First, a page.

New methodologies are needed for repairing and strengthening the aging and failing transportation infrastructure. The use of fiber-reinforced polymer (FRP) composites for repair has gained popularity over the last decade as these methods have been shown to be affordable, effective, and easy to implement. FRPs in general offer several key advantages over conventional building materials. Specifically, they have high strength to weight ratios, have increased durability and corrosion resistance, and are generally “greener” than conventional materials in terms of embodied energy. FRPs are composed of either thermoset or thermoplastic resins reinforced with (usually) glass or carbon fibers, GFRP and CFRP, respectively. FRPs can be used for strengthening in several forms, such as near-surface mounted (NSM) bars and externally applied wrapping. The use of FRPs as a repair method for bridges has been investigated by several state departments of transportation in recent years. For example, FRPs have been used to restore the original flexural strength of damaged reinforced concrete bridge girders, strengthen simple-span reinforced concrete slab bridges, and seismically retrofit bridge columns. It should also be noted that MDT has used externally bonded FRPs with mixed results.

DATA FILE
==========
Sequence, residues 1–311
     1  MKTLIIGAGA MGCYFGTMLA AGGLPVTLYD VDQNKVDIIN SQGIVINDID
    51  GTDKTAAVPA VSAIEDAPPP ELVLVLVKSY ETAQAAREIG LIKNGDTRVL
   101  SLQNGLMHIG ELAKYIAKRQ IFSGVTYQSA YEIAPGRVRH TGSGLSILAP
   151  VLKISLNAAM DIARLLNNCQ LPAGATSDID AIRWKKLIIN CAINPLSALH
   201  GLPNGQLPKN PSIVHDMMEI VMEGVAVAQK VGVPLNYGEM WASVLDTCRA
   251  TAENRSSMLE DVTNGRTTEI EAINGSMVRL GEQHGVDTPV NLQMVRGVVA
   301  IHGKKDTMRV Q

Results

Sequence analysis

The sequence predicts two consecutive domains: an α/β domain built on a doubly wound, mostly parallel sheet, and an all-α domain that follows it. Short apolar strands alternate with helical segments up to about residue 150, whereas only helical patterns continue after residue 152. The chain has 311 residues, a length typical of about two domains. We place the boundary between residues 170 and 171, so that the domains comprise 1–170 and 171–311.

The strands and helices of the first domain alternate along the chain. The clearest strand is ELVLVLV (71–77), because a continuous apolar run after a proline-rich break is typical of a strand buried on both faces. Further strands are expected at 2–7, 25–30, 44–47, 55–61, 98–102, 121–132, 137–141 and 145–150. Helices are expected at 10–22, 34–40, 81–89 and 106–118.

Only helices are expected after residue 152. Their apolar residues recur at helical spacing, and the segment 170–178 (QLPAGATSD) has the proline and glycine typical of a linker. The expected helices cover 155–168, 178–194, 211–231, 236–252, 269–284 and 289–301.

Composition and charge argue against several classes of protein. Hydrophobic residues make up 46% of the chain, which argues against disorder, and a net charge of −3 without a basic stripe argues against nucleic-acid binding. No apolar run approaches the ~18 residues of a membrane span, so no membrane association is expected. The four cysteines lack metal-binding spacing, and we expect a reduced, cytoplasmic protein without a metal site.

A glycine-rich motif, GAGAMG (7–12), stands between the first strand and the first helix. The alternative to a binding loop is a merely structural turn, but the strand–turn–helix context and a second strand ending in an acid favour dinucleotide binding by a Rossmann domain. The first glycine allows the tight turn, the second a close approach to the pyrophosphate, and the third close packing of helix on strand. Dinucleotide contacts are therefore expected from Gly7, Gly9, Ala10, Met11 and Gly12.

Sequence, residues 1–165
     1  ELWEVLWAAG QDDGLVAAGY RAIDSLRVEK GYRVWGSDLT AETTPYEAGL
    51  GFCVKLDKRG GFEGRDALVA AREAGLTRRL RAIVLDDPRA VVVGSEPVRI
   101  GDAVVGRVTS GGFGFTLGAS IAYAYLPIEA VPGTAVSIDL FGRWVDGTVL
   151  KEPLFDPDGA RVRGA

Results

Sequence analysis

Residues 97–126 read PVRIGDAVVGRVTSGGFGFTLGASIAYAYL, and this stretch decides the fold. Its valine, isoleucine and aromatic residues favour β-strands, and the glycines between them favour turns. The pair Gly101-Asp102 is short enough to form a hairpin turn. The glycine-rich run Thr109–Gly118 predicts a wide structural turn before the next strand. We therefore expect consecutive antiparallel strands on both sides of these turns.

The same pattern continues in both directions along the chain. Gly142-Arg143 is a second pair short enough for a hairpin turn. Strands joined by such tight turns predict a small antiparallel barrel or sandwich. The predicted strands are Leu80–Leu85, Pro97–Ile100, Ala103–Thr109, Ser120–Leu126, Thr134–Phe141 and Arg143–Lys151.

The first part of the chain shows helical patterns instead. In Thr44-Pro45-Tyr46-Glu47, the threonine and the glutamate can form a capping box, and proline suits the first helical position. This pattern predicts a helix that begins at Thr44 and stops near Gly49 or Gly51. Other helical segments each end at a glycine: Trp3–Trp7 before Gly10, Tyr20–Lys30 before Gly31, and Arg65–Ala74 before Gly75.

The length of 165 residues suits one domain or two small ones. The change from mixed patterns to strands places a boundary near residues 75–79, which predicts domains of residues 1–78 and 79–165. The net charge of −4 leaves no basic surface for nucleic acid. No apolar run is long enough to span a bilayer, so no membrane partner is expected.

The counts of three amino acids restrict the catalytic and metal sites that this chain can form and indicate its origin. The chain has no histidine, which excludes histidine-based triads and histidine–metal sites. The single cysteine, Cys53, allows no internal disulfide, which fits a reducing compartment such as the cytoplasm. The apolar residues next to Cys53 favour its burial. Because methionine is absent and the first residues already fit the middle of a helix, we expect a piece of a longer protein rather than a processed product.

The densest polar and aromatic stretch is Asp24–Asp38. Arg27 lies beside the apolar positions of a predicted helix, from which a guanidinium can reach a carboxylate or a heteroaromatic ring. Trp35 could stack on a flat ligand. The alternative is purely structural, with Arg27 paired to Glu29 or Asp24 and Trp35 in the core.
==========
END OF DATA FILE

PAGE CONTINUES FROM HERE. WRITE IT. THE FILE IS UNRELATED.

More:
The primary objective of the proposed research is to investigate and help implement the use of FRPs to enhance the performance of Montana bridges. Specifically, the proposed research will (1) conduct an updated and thorough literature review to investigate the feasibility of using FRPs in various bridge applications in Montana, (2) identify the most promising applications of this technology for use in the state, (3) fill any minor research gaps with laboratory testing that may affect/limit the successful application in Montana’s unique climate, (4) assist in implementing the application(s) of this material in a bridge demonstration project in the state, and (5) monitor the performance of this bridge after the demonstration project. FRP composites could provide a viable solution to the repair/strengthening needs of Montana’s aging infrastructure. This research will provide the necessary step to capitalizing on the inherent benefits of these composites.
For more information, contact